Louder Than Bombs‘ namesake, perhaps derived from The Smith’s 1987 compilation rock album, may be a bit of a misnomer. For Joachim Trier’s somber chamber piece is, for the most part, an inordinately quiet and subdued piece of filmmaking. Focusing on a family in mourning, Trier is more attuned to the words not spoken and that period of time before that strained communication builds up to the surface; before the emotional bombs start to go off so to speak. For the Norwegian filmmaker making his English-language debut (he previously directed the internationally respected titles Reprise and Oslo, August 31st), his latest is compassionately observed, sensitively performed and if intentionally lacking in catharsis marks an elegant addition in the subset of indie melodramas centered around the process of grieving.
It’s been a few years now since Isabelle (Isabelle Huppert), a once brilliant and highly regarded war photographer has passed away. Her ghost, however, looms large on widower Gene (Gabriel Byrne), adult son Jonah (Jesse Eisenberg) and teenage son Conrad (Devin Druid), all of whom are floundering to various degrees in their own right. A terrific asset for Louder Than Bombs right from the start is in the casting choice of Huppert. Isabelle, as a character construct, requires an actress of steely-eyed intelligence and assured resolve, but also of great mystery – a woman, perhaps, who is unknowable even to those she held closest. Huppert may only appear in brief flashbacks but is such an enigmatic presence – one that reads diametrically icy and open at once – it seems reasonable a family would be haunted forever by such a loss.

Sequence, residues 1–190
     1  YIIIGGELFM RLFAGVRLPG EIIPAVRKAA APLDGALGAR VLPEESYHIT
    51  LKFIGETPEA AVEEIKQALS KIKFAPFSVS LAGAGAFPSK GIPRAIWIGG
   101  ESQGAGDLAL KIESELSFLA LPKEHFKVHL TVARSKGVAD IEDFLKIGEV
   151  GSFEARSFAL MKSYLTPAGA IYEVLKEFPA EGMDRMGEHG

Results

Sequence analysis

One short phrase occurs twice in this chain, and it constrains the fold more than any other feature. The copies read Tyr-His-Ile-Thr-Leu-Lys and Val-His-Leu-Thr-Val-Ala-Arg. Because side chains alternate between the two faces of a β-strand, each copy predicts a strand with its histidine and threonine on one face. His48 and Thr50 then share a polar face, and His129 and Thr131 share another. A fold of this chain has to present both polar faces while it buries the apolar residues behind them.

A retrospective of Isabelle’s work – conducted by a former colleague (David Strathairn), who may or may not have been closer to the late photographer than earlier let on – attempts to bring Gene closer to his two sons, both of whom are detached in their own ways. Jonah, a sociology professor who has just welcomed his first child is too reserved and shell-shocked to even slightly reveal how fatherhood is freaking him out – it’s not a good sign that for the first week of newborn’s life he treks back home. While Conrad is either a typical angst-ridden teen or a secluded outcast in need of immediate help, or so Gene presumes. Trier and co-screenwriter Eskil Vogt embroider Louder Than Bombs with divided viewpoints, branching the film off into three separate narratives on how Isabelle’s death – as well as the somewhat debatable circumstances of which – have resonated with the men in her life. The intellectual trick, as well as some of its somewhat cold emotional remove, lies in the contradictions of the points of view of Gene, Jonah and Conrad.